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    The Great National Debate in France: 'Yellow Vests' Offer an Alternative

    © AFP 2018 / JOEL SAGET
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    In France, the two-month “grand national debate” came to an end on Friday. The initiative, announced by President Macron, called for discussion throughout the country on the most important issues for citizens: from taxes to the environment. The debate was a response to the 'yellow vests' protests that have gripped the country for months.

    The 'yellow vests', though, don't seem to be content with how the 'debate' was conducted. According to them, the main problem of the 'debate' was the lack of proper discussion — the participants only had time for three-minute statements. Celine Crespin, a member of the 'yellow vests' and a senior technician in the Social Security Fund, began an alternative collection of people's proposals, which she discussed with Sputnik.

    Sputnik: How was the "national debate" conducted in your city?

    Celine Crespin: In Vendôme, four dates were set to discuss each of the given topics [environment, tax, the structure of the state, and democracy and citizenship]. The first meeting was attended by 'yellow vests' members and other citizens. We were told that we have three minutes to outline our demands. The problem was that we could not discuss anything among ourselves. Some simply read their short lists out loud. Sometimes they had very interesting topics. People wanted to respond, and most importantly — to interact. In short, argue! We wanted to formulate our demands in such a way that it would suit everyone. But the presenter stopped any attempt at discussion and passed the microphone to the next participant. The meeting went like this. 'National debates' without a debate… what is it?

    READ MORE: Has Macron’s Great Debate Achieved What it Set Out to Achieve at the Beginning?

    Sputnik France: So you decided to organise an alternative collection of proposals?

    Celine Crespin: At the end of the meeting, the organisers gathered and selected complaints that had to be filed with the prefect or the government. Then they announced their picks. Surprisingly, the wording of some demands did not match the original content. I had to redo a lot. The yellow vests and most of the other participants were disappointed. It became clear that the real debate was taking place outside the hall, in parking lots! It was there that people really discussed the problems. And so we decided to organize our own "national debates".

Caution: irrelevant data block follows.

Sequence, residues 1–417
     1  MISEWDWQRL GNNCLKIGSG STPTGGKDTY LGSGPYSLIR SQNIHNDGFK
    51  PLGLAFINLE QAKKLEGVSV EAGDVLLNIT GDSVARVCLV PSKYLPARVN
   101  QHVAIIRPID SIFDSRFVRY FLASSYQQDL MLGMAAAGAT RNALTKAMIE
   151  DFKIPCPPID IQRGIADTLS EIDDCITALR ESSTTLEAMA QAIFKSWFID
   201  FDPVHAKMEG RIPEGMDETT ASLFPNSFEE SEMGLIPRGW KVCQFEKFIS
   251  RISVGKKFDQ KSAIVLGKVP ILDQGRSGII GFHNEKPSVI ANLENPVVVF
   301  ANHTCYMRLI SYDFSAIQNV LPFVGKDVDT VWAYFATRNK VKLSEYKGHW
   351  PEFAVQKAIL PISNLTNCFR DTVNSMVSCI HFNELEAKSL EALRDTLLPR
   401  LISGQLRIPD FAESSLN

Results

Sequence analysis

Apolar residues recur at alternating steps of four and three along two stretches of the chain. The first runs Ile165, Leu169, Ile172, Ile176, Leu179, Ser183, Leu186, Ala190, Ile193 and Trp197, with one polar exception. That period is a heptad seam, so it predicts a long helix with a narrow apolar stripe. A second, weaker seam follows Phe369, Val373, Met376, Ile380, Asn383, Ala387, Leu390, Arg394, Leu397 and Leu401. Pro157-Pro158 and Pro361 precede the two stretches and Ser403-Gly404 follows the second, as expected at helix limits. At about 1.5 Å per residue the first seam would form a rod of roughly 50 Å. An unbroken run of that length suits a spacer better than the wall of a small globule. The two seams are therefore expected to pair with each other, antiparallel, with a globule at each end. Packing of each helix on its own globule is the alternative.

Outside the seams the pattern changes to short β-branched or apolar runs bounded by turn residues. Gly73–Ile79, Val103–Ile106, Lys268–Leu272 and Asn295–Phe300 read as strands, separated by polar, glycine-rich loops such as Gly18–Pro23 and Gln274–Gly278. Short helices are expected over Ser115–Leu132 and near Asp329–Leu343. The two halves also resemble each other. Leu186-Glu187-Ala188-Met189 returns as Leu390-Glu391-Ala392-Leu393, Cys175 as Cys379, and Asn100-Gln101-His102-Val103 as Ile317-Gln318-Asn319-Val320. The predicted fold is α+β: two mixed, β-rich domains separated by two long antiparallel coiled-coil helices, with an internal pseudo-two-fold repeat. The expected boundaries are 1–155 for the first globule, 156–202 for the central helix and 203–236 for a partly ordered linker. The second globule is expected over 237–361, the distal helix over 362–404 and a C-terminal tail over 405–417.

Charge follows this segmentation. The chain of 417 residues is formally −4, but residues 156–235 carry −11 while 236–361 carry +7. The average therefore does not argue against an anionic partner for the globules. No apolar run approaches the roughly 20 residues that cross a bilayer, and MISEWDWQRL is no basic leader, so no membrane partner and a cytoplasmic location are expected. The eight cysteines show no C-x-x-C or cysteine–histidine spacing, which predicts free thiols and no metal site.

Sputnik France: How did you organise everything?

    Celine Crespin: Our administrators created an email address and a book of complaints at our so-called headquarters. Everyone, whether a yellow vest [member] or anyone else, could submit a proposal and discuss it. Within a few weeks, we'd collected 275 complaints. I don't like this word, but the government uses it with regard to the "national debate". We did the same.

    READ MORE: Macron Expresses 'Rather Favourable' Approach to Tax Cuts After National Debate

    Sputnik France: What did you do with these proposals?

    Celine Crespin: Many members of our team, and among us there are unemployed people, former engineers, administrative workers, farmers, officials, teachers, housewives, retirees, and even the homeless, studied them for four weeks in several working groups. After analysing the complaints, they systematised them by topic and summed them up. It turned out that most of the demands were related to the work of institutions, then came economic demands and those related to purchasing power. Environmental protection came last. After the analysis, which was supposed to be objective, impartial and without any distortions, we reported the result to a lawyer working in Blois, who supported our request. He made sure that the demands were applicable at the legal, administrative and public levels. We insisted on realisable proposals.

    Sputnik France: Which demands were the most popular?

    Celine Crespin: Without going into details that can be clarified online, these are demands for revising the benefits and salaries of politicians or for raising the minimum wage. Many proposals related to the revision of the tax system, restoring the tax on luxury goods, so that it mostly concerned holders of capital rather than family real estate. The issue of indexing pensions to depend on inflation was also raised. You can read all the suggestions regarding immigration, the media and foreign policy online.

    READ MORE: Yellow Vests Crisis: Banker on Why President Macron Should be Backed, Not Ousted

    Sputnik France: What will happen next to the proposals?

    Celine Crespin: At the last open meeting of the "national debate", we asked that they be handed over to the prefect. We also want to publish them in the media; we contacted journalists, but so far they have not got back to us yet. We wanted to show that within the 'yellow vests' movement, which is ridiculed by the government and some media outlets, there isn't just a "group of rascals who stand at intersections" We wanted to prove that we are responsible people and that we can do civil work.

    Sputnik France: What do you expect from the results of the "great national debate"?

    Celine Crespin: We understand perfectly well that we will not achieve anything. Government members are already preparing us for disappointment. We clearly set out our demands. Soon we will be able to compare our proposals with those of the government. We are not going to give in to anything, that's for sure.

    The views and opinions expressed by the speaker do not necessarily reflect those of Sputnik.

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    economic reforms, taxes, Yellow Vests Protests, Yellow Vests, Emmanuel Macron, France
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